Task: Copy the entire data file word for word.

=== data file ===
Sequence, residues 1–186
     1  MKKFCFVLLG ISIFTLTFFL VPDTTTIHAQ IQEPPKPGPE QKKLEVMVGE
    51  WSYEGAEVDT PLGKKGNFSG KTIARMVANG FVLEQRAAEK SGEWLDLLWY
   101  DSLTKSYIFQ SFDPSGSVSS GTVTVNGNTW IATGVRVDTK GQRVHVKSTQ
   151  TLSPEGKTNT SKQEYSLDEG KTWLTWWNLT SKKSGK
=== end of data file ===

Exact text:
Sequence, residues 1–186
     1  MKKFCFVLLG ISIFTLTFFL VPDTTTIHAQ IQEPPKPGPE QKKLEVMVGE
    51  WSYEGAEVDT PLGKKGNFSG KTIARMVANG FVLEQRAAEK SGEWLDLLWY
   101  DSLTKSYIFQ SFDPSGSVSS GTVTVNGNTW IATGVRVDTK GQRVHVKSTQ
   151  TLSPEGKTNT SKQEYSLDEG KTWLTWWNLT SKKSGK